The empanelling of a federal grand jury to look into the World Trade Center attacks means two very important things. It means that law enforcement officials and prosecutors apparently are ready to take the next step in the criminal justice process and it means that there are witnesses out there, "material" or otherwise, who have failed or refused to cooperate with authorities and who may now be forced to do so.
The grand jury now will be asked to hear and see and read evidence which relates in ways large and small to last Tuesday's terrorist assaults. At some point in the future, grand jurors may even be asked to recommend indictments against one or more people and it's hard to imagine that in this era of anger and frustration and retaliation grand jurors won't take up the invitation and vote for charges. Those charges may or may not relate directly to what happened in and to Manhattan last week.
Maybe the feds already have found someone who aided or abetted the hijackers. Or maybe the feds have already found someone who was involved in the planning of a future terrorist event. Or maybe the feds haven't yet found anyone they are ready to indict but hope to in the near future. Or maybe, conceivably, the grand jury will knock down any such requested indictment because there simply isn't enough evidence to support it. Or maybe the grand jury will never even be asked to take deliberative action. There are a myriad of possibilities here and it's impossible to know exactly where this development goes from here.
But a grand jury doesn't get empanelled for nothing. This grand jury, working out of White Plains, N.Y. instead of Manhattan, almost certainly will get to work issuing subpoenas. It will get its collective hands on documents and records and transcripts of interviews. It will act as a sounding board for prosecutors and their theories. It will call before it certain witnesses already in custody in this investigation for one reason or another. And those witnesses who refused to testify before the grand jury will probably face a stark choice - go to jail for contempt or testify under a grant of limited immunity.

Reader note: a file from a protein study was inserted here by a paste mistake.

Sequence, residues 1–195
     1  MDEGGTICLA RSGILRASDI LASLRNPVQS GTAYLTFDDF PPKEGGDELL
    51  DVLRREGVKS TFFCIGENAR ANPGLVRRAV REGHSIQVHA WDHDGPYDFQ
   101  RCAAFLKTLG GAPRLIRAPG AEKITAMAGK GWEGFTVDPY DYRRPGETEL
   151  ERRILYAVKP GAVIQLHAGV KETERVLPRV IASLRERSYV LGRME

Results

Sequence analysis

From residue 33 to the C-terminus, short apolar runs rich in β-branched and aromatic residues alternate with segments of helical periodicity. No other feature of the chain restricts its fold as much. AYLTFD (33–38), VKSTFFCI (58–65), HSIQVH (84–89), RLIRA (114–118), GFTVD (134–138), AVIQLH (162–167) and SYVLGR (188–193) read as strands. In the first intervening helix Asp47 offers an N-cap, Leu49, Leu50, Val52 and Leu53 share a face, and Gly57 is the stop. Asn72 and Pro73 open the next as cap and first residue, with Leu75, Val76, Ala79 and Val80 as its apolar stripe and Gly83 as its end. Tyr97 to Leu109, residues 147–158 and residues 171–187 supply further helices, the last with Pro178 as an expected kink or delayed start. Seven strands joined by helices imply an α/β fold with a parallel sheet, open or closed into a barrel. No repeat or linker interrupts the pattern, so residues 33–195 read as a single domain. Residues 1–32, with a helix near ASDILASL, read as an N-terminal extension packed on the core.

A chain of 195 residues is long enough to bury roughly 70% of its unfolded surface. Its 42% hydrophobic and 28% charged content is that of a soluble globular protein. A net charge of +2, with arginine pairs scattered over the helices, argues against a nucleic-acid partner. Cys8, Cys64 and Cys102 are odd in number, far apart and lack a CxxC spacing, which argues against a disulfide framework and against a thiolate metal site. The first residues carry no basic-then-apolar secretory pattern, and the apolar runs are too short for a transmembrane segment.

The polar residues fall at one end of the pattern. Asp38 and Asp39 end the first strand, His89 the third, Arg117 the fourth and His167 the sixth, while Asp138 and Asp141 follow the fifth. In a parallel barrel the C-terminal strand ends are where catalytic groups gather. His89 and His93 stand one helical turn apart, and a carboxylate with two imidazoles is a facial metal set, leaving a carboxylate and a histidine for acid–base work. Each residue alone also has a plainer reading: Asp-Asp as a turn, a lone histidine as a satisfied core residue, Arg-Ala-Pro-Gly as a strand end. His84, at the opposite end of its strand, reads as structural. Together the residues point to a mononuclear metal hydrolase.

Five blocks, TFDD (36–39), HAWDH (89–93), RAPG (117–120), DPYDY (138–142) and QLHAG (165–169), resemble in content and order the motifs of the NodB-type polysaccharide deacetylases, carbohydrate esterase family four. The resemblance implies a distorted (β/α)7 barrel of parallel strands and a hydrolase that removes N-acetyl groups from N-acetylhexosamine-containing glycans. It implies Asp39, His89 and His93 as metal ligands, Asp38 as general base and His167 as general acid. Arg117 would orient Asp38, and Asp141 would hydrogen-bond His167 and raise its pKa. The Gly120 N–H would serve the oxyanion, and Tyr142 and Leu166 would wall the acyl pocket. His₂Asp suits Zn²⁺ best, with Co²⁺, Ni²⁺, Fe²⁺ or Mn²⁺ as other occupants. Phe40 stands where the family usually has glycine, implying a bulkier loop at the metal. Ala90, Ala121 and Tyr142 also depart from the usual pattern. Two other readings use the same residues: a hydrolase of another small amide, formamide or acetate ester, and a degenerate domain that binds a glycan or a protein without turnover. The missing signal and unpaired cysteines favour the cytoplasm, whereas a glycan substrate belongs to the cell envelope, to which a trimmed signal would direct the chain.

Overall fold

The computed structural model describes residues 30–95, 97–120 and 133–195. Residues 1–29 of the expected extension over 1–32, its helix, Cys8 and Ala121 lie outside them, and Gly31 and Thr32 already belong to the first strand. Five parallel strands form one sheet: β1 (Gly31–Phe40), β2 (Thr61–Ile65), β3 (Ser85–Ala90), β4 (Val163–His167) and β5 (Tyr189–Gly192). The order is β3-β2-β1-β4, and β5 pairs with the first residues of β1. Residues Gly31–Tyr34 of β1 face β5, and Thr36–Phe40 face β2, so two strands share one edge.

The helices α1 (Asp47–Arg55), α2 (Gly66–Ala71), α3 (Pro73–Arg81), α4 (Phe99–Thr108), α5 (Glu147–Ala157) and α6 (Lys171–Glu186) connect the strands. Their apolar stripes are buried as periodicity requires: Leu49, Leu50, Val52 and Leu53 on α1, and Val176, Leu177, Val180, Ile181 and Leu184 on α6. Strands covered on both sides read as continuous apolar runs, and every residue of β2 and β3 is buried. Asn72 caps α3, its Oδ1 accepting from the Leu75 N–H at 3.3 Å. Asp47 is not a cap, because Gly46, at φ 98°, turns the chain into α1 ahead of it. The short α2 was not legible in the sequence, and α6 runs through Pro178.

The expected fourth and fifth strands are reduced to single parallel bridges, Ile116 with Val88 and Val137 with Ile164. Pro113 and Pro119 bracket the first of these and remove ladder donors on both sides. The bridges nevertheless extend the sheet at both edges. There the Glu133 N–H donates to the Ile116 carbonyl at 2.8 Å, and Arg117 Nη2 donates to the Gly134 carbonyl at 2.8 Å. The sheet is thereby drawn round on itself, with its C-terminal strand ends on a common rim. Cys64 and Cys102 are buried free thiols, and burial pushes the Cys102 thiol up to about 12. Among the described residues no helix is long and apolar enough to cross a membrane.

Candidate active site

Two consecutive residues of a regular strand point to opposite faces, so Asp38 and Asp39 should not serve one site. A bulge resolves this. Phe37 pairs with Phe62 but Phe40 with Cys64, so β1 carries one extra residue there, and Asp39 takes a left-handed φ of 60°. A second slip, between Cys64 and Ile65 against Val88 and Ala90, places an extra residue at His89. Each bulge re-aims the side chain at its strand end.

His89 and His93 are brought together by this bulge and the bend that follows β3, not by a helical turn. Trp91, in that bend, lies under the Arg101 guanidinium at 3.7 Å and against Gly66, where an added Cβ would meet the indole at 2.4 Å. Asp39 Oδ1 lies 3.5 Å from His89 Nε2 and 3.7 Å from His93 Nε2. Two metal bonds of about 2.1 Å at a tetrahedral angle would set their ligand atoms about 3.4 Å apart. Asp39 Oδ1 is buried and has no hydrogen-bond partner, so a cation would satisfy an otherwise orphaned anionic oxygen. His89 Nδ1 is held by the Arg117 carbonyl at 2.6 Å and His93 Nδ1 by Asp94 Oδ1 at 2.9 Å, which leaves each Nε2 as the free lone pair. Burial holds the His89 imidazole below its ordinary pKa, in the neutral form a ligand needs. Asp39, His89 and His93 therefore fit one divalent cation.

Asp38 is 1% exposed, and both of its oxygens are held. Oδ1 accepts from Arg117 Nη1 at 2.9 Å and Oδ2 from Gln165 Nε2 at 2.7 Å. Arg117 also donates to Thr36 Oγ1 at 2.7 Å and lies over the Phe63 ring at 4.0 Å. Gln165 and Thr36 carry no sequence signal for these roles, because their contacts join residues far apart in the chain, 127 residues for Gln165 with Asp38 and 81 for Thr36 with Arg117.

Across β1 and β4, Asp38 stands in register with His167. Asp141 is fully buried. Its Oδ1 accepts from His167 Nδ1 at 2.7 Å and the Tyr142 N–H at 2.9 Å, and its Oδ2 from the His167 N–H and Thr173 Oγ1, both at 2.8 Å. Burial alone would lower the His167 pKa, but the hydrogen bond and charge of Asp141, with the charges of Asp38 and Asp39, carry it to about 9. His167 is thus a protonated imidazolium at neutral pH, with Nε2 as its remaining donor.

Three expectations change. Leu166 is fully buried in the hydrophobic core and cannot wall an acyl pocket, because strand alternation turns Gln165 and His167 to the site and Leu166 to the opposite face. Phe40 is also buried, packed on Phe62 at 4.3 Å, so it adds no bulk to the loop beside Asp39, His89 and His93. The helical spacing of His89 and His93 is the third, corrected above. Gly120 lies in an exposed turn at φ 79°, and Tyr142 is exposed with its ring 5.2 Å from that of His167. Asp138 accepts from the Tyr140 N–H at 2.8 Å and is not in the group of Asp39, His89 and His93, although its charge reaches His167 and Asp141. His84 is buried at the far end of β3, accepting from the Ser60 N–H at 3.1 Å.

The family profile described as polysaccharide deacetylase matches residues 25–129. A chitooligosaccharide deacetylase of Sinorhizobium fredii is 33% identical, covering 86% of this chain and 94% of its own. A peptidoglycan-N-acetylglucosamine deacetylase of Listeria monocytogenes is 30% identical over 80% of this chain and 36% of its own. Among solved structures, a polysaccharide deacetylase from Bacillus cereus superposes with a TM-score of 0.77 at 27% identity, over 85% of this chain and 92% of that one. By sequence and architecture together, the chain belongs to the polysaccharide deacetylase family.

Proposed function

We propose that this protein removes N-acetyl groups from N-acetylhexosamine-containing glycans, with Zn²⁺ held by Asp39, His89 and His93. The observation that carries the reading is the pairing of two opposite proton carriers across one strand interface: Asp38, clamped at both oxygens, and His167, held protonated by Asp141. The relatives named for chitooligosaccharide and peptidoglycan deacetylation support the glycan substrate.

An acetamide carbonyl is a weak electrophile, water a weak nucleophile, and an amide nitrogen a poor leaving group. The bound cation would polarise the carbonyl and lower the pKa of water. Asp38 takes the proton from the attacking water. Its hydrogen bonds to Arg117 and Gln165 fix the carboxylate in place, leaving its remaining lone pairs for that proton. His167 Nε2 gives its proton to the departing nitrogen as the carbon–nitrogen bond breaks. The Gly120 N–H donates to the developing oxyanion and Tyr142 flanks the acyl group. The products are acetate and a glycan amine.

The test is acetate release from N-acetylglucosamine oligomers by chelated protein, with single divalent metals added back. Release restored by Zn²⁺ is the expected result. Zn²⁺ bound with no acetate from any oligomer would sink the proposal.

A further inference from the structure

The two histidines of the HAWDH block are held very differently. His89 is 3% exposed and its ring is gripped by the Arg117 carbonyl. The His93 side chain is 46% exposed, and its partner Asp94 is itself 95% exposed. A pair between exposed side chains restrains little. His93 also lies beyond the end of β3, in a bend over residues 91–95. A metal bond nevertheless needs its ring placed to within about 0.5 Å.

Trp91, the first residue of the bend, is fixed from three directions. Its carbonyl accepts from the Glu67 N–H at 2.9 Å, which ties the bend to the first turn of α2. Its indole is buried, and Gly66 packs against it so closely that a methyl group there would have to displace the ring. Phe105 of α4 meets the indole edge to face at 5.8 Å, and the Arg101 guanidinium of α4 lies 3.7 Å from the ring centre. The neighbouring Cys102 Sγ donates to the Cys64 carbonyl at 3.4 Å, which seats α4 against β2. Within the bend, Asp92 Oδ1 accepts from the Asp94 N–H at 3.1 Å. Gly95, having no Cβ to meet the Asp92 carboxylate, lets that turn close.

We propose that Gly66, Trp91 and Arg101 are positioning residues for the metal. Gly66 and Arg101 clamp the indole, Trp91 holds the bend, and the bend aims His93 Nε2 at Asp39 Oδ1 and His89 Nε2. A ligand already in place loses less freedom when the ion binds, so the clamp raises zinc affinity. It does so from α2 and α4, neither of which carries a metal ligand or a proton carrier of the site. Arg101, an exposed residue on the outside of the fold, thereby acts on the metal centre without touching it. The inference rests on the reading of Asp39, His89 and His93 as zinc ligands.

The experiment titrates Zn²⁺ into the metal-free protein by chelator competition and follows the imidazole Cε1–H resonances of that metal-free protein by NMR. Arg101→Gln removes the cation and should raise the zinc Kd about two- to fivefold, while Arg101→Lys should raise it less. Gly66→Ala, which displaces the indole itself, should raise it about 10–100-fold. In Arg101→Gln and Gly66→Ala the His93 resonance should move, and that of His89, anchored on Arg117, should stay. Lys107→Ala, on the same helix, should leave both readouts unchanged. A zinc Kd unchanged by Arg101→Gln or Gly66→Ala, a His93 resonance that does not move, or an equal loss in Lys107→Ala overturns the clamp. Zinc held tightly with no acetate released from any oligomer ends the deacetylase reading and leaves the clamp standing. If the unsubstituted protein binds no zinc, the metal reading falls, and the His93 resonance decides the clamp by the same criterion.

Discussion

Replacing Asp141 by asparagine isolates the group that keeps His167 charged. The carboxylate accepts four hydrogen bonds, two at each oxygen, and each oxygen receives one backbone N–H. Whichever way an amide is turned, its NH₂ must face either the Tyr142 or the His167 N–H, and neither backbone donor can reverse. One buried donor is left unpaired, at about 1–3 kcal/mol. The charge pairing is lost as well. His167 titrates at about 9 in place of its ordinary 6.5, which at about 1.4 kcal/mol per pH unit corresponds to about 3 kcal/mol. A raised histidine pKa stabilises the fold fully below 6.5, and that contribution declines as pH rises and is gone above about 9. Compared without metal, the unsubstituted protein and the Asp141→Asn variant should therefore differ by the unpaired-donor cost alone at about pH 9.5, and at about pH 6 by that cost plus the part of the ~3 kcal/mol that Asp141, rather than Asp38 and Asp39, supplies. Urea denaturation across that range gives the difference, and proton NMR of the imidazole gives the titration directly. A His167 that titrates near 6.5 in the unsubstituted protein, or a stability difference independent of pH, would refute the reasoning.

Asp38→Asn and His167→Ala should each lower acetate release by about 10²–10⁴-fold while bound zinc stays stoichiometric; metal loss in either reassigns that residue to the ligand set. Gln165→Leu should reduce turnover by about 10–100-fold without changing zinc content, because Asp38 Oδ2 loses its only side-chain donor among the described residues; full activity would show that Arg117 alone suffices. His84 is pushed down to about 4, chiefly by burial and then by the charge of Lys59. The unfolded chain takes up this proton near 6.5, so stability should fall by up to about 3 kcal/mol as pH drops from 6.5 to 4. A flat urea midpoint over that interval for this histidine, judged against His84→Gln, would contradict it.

A grand jury, you see, has stronger powers to require testimony than do law enforcement officials or prosecutors. It's a lot easier and a lot less painful to tell a cop you aren't willing to cooperate than it is to tell a grand jury. And we know from the mouth of the head of the FBI himself that some of the witnesses now in custody have not been willing to cooperate with authorities. This move should help law enforcement get those people talking and getting people talking more is almost certainly going to help with this investigation.
So this is clearly a step forward, although how big a step is a little unclear. It suggests to me that the investigation over the past week has reached a stage where a grand jury is necessary to ensure that it moves forward over the next few weeks. It also suggests to me that the government is qite wisely proceeding on two very different tracks here; the military track and the legal one. Even as the Pentagon prepares for the probability of war, prosecutors are preparing for the possibility of trials. Even as our leaders talk of rooting out evil abroad, our judicial system is gearing up to deal with alleged evil at home.
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